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Dem senator said airstrikes in Syria may have been a 'choreographed kabuki show

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Senate Foreign Relations Committee ranking member Robert Menendez (D-NJ) talks with reporters at the U.S. Capitol March 13 in Washington, DC. In an interview on Wednesday, Menendez said he thought it was possible that the U.S. airstrikes in Syria were staged. (Chip Somodevilla/Getty Images)

Sen. Bob Menendez (D-N.J.) accused the Trump White House of coordinating with the Russians and Syrians to stage the missile strikes against chemical weapons facilities. Menendez made the comments during an interview on MSNBC’s "All In With Chris Hayes" on Wednesday.

After Hayes asked Menendez if he approved of the airstrikes, Menendez replied:

“At the end of the day, I don’t know if this was carefully choreographed,” Menendez speculated. “Because you have a strike against three facilities, the Russians don’t activate their defense missiles against us, the Syrians shoot their missiles after our missiles land. And you wonder, wait a minute, was this a choreographed kabuki show? What’s really missing here is a strategy to end the disaster that is Syria.”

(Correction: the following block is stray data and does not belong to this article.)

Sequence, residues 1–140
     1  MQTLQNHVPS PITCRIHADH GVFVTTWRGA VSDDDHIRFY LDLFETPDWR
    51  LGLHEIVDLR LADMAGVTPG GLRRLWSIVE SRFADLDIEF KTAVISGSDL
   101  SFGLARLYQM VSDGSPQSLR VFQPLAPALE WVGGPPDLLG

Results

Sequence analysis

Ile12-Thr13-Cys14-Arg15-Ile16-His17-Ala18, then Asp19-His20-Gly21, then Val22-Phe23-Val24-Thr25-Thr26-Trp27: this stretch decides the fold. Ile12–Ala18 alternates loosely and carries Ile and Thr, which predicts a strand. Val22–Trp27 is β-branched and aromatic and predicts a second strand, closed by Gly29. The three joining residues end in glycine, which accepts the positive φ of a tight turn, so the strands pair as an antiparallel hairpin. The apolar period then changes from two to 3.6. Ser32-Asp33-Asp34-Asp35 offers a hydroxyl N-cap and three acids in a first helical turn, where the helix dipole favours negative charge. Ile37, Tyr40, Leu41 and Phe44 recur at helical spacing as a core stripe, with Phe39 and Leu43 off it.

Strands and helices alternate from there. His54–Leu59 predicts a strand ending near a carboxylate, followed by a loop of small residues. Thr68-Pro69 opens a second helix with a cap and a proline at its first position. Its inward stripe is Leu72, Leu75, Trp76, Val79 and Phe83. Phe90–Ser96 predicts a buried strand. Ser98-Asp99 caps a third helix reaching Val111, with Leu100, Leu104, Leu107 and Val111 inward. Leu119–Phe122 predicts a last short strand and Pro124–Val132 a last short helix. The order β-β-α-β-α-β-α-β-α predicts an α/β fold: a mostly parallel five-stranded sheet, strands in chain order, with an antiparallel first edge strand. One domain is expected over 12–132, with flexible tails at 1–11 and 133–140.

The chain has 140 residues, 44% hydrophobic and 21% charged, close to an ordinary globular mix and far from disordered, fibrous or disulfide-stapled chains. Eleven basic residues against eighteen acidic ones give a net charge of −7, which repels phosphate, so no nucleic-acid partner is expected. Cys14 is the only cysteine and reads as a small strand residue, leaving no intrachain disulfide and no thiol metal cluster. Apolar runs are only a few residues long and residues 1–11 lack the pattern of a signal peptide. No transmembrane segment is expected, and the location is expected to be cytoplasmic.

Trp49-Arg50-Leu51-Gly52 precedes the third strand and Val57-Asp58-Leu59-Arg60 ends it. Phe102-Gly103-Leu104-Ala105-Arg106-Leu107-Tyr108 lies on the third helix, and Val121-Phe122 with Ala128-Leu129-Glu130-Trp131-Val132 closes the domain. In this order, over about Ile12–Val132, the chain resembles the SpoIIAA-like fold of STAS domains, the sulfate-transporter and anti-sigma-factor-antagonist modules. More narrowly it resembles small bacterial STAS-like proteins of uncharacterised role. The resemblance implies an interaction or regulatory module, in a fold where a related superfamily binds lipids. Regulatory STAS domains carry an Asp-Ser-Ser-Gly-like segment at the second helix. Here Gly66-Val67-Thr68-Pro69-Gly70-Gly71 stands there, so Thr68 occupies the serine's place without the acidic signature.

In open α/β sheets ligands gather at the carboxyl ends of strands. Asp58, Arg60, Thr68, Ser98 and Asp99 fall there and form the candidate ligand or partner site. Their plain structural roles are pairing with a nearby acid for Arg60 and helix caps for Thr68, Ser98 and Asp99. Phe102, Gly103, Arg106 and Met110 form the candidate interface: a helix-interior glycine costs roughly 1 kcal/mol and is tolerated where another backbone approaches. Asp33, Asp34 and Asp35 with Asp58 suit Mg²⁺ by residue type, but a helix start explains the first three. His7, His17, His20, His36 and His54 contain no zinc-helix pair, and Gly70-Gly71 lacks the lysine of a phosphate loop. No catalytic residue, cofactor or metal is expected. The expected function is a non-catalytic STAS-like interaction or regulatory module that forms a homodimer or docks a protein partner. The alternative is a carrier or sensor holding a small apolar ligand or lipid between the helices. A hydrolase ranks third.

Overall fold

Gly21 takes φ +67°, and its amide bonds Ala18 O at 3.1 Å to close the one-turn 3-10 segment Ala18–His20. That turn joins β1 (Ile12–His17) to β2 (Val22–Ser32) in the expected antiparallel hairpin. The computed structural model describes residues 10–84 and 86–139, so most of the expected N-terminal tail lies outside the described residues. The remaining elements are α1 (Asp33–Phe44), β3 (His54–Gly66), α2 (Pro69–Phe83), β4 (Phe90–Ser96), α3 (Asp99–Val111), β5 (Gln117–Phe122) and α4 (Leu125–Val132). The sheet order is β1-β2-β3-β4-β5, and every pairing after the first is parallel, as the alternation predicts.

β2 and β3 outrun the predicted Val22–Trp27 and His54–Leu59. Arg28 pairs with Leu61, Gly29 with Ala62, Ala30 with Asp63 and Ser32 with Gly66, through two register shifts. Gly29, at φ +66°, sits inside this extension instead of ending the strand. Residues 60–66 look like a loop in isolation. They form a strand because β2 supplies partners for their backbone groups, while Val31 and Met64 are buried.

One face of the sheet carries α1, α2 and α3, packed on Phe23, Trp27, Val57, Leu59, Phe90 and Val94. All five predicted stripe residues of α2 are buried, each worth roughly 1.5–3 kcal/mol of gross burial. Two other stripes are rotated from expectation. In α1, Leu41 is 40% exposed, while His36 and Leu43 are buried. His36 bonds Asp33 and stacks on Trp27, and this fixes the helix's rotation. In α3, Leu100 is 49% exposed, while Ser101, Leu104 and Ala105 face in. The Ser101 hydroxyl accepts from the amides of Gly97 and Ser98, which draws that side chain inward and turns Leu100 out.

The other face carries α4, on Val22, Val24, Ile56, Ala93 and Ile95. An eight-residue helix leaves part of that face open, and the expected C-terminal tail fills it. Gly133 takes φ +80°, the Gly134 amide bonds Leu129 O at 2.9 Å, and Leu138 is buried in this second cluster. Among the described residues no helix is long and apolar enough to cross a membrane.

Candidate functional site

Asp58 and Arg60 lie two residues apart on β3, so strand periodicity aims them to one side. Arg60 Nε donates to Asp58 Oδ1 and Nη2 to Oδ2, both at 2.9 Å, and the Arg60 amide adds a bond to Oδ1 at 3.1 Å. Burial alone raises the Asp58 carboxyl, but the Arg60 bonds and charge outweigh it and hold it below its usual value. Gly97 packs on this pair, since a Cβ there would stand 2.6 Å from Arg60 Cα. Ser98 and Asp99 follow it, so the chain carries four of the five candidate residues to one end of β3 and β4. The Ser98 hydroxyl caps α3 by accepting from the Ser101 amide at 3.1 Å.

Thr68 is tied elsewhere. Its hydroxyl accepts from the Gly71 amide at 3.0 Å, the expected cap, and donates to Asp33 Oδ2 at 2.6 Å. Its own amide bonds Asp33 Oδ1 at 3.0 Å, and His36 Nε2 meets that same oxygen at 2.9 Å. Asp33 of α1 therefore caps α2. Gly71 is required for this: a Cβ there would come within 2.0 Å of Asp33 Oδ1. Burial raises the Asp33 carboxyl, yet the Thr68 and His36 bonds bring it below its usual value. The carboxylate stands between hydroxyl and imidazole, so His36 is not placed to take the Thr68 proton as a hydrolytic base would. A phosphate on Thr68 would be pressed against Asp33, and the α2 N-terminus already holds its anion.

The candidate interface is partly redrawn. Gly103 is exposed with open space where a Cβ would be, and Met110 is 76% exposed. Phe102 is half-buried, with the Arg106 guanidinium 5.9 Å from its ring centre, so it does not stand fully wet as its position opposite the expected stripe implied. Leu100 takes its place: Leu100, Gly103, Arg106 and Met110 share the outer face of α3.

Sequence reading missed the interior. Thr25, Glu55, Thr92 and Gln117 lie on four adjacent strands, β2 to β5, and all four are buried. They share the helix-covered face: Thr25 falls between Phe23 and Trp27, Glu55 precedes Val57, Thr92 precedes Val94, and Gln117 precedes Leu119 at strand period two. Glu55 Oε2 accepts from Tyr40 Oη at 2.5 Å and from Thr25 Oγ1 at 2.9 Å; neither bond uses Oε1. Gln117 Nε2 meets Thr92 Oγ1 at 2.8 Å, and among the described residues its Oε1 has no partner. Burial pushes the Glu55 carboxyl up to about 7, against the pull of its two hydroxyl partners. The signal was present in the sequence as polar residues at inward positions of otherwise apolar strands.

Menendez is the ranking member on the U.S. Senate’s Foreign Relations Committee.

When Hayes asked if Menendez was suggesting the existence of a "backchannel to actually coordinate with either Russia or the Assad regime," Menendez doubled down:

“Well, I certainly have to wonder. The Russians have a very sophisticated defense system, that they did not activate. The Syrians shot missiles after our missiles landed. And the Russians were not hit at all in any of those chemical weapons sites. It’s just too many questions that raise the concerns: Did we act and show our indignation, but was it choreographed? At least were the Russians told, ‘Stay out of these sections, and by the way, don’t challenge us. And if you don’t challenge us, then everything will go as planned’?”

Menendez said that what was "crying out here in Syria" was a strategy that would isolate Russia and Iran, and bring about a U.N. brokered end to the humanitarian crisis.

"Not the Astana process where Russia, Turkey, and Iran are deciding Syria's future and a good part of the Middle East," he said.

On April 13, the United States, backed by the United Kingdom and France, announced that it had launched a series of airstrikes on Syria, in response to Syrian dictator Bashar al-Assad's use of chemical weapons on a city held by rebels who opposed his regime.

However, the airstrikes seem to have done little to change Assad's blatant disregard for civilian casualties. Out of the more than half a million people who have been killed in the now more than seven-year long Syrian civil war, 85 percent have been civilians killed by Assad's forces.

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